If you are looking for one of the most luxurious, elegant, and romantic splurges with exquisite gourmet food, Joel Robuchon at the MGM Grand in Las Vegas is it. This restaurant has well-earned top dining ratings – Michelin’s Three Star, Forbes Five-Star, AAA Five Diamond, and Wine Spectator’s Grand Award. Don’t be a tourist; dress up for this one! And save up your pennies (lots of them). Cheap eats it’s not, but to dine here is memorable and well worth it.
The experience starts as you enter the intimate Art Deco dining area with a sumptuous decor of black, shades of purple and lavender, beige with gold trim. Plants growing in rows of planter boxes that go up to the ceiling cover one wall.
Fine dining doesn’t begin to describe this restaurant. Joel Robuchon, a renown French chef and restaurateur for most of his life, has several restaurants located around the world. He joins other top chefs who have opened restaurants in Las Vegas changing the Vegas dining scene from the old idea of cheap buffets to elevate the city as a gourmet dining destination.
Diners select from creative and sophisticated French tasting menus – a Prix Fixe of 7 courses and a 17 course MENU DEGUSTATION. (Several Prix Fixe menus of different sizes are now offered for more flexibility). Each course is a crafting of original combinations of ingredients and flavors, a unique blend of tastes and textures. Menu choices change with the seasons and what is freshly available that day.
The first course is served as soon as you are seated – the day we dined it was La Pomme – apple gelee, yuzu granite and chutney set on glass plates. One of the cleverest Amuse-bouche I’ve ever seen, it becomes an enchanting showpiece when the server pours water under the plates, enveloping the dish in a wispy fog thanks to dried ice under the plate.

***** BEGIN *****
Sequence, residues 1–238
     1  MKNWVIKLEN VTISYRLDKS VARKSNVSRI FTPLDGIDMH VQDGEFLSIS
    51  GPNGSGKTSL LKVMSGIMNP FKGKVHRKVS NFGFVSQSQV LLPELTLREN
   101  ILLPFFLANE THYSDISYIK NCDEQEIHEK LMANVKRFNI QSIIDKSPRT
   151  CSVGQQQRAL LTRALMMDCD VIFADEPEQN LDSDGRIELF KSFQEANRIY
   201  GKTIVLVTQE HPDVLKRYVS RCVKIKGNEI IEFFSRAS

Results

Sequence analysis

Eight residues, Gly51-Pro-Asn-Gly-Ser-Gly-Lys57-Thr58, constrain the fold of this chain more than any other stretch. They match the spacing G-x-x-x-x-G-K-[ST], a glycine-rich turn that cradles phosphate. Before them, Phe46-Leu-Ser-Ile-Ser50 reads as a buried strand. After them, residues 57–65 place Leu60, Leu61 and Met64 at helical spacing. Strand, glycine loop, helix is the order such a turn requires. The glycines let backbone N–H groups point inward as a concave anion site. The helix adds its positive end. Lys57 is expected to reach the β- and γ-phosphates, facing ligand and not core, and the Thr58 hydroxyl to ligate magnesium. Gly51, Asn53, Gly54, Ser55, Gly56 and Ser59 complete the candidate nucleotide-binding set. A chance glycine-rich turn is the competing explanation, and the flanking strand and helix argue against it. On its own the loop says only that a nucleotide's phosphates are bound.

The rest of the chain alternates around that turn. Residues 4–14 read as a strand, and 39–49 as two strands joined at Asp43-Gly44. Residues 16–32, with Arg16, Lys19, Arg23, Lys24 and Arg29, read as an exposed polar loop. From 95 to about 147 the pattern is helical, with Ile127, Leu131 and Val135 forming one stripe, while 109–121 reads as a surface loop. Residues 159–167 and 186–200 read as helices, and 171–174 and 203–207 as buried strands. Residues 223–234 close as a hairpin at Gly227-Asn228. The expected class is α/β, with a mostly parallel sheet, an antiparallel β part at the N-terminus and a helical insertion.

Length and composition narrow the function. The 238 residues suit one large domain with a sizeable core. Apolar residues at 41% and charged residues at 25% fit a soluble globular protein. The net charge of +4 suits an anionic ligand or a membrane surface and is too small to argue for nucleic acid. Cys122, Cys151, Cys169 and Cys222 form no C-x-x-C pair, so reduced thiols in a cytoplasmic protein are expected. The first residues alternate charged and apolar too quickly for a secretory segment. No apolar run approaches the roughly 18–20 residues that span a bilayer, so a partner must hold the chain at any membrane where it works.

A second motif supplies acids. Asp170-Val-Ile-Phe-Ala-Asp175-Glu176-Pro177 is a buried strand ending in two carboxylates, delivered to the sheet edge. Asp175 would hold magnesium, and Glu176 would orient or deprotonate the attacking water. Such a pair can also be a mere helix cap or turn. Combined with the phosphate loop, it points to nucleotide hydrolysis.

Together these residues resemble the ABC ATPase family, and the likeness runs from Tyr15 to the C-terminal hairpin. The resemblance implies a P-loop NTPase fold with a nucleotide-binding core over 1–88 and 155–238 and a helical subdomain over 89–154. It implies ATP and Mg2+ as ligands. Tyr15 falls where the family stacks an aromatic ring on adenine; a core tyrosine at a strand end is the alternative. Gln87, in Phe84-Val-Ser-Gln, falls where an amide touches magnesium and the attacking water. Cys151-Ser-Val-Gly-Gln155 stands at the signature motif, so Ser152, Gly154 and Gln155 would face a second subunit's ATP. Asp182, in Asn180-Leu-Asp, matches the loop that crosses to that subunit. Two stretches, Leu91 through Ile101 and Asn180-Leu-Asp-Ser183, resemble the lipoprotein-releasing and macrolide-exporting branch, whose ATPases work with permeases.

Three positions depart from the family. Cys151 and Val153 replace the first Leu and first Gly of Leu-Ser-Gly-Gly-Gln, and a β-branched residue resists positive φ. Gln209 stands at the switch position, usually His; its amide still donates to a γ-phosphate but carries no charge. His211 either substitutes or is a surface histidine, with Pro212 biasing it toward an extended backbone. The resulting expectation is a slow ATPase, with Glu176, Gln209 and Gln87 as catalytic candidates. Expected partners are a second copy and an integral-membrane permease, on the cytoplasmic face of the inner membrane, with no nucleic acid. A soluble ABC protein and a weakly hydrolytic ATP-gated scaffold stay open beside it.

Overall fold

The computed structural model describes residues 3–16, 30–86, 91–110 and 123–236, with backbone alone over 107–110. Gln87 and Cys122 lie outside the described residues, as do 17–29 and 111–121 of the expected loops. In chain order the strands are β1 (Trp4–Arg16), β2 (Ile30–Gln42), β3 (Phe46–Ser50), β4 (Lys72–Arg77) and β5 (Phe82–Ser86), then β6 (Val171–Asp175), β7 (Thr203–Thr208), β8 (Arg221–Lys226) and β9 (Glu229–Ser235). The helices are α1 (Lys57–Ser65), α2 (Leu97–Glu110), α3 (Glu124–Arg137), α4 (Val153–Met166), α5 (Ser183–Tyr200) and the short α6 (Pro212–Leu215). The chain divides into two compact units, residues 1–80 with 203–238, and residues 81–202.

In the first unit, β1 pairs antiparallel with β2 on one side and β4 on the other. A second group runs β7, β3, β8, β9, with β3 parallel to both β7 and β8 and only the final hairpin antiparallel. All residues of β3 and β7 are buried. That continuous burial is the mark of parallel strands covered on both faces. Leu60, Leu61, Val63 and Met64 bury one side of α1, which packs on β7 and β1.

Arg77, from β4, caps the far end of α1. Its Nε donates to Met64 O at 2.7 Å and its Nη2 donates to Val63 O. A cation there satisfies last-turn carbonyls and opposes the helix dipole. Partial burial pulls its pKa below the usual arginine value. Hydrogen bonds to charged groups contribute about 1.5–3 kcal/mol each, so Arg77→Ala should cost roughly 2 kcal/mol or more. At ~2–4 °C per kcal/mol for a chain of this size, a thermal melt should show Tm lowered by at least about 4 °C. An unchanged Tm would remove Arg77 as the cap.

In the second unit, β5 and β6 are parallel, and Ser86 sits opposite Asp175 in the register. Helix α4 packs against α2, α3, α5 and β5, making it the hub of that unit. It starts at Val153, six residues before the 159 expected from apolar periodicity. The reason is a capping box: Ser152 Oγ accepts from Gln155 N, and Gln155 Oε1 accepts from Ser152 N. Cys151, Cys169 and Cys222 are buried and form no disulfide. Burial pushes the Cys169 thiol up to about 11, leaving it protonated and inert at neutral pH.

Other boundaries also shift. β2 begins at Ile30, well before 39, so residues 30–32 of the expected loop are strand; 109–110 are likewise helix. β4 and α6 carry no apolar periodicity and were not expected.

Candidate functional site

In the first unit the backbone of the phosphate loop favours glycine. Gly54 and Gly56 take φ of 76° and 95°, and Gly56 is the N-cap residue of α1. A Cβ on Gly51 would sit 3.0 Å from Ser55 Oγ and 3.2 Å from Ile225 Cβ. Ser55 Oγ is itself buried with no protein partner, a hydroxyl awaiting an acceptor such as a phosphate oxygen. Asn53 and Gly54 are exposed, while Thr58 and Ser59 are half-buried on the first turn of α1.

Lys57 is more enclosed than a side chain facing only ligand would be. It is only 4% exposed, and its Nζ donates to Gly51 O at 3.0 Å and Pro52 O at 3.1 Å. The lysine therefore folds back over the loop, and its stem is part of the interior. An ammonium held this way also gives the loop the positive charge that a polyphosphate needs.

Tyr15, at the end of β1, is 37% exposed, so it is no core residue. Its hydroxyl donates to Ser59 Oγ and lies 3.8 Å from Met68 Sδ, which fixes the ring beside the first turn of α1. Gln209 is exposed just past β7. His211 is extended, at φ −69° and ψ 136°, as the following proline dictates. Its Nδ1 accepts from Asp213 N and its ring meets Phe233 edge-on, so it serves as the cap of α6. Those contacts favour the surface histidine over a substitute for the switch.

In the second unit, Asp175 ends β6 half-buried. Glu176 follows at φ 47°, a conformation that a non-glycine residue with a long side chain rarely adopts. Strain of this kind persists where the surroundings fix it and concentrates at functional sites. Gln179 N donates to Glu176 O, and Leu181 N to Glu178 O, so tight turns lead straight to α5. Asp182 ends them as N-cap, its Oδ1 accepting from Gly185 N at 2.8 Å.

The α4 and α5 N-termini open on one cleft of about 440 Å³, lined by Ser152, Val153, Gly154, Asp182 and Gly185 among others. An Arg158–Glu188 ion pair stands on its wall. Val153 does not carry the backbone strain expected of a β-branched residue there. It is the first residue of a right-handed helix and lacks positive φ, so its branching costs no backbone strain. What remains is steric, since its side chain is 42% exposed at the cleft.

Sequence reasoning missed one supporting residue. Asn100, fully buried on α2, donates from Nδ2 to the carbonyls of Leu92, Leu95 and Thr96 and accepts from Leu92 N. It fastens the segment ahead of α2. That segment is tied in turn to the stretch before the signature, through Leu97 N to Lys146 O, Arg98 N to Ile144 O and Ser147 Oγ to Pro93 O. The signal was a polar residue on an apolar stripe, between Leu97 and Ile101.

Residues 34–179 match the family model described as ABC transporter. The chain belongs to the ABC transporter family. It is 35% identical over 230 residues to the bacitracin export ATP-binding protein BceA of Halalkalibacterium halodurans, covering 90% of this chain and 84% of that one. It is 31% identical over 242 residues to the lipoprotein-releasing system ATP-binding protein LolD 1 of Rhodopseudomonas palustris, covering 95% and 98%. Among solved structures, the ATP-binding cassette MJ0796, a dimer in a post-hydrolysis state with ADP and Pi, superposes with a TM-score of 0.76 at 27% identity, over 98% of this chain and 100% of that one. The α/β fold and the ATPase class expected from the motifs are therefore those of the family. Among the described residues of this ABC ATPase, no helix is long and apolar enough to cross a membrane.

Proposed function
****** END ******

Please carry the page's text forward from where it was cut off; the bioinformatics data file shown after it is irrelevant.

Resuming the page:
A bread cart is wheeled over with no less than ten choices. There is no diet or no restraint on carbs here. One of the three selections I made was a cheese brioche studded with crispy cheese, soft and light.
Selected wine was a half bottle of 2000 St. Emilion Cos de Menuts, which paired well with the food.
Courses were as follows:
2nd – La Tomato – A salad of Japanese Tomato, olive oil & basil tapenade & tomato gelee topped with mozzarella cheese.
3rd – La Chataigne – Light cream of chestnuts on top of celeriac custard. I usually don’t like chestnuts, but this was delicious!
Fish course – La Bar – Pan-fried sea bass from Brittany with five spices served with a grape sauce and tiny Champagne grapes, a sweet complement to the sea bass. Tender and delicious!
Entree – L’Angeau – A petite roasted lamb chop on top of wheat semolina (couscous) with Mediterranean flavors. Lamb stock was used in the couscous for great flavor!
Dessert – La Mandarine – Mandarine perfumed with Ceylan Orange Pekoe tea, caramelized yogurt ice cream. Proves you don’t need to have a big gooey dessert to get all the pleasure of sweets. Again, Mandarin oranges are not a favorite of mine, but paired with the flavor of orange pekoe tea and the caramelized yogurt ice cream, I liked it.
Lest you think dinner is over when coffee is served, you get a divine surprise – a large cart is wheeled over containing seductive sweets – house made candies – truffles, caramels, nougats, chocolate of every kind, even lollipops. The ‘kid in the candy store’ look on my face must have frightened the man at the next table as the server said to him: “Don’t worry, sir. There will be plenty left for you.” The dark chocolate covered ginger is properly savored by holding in the mouth so the chocolate melts and allows for deeply inhaling the crystallized ginger center. Chocolate nirvana! Another great choice is a chocolate with a creamy chocolate mousse center.
Diners get a copy of the menu tied with a purple ribbon and a giant brioche (which makes a great breakfast) as a memento of your fabulous meal.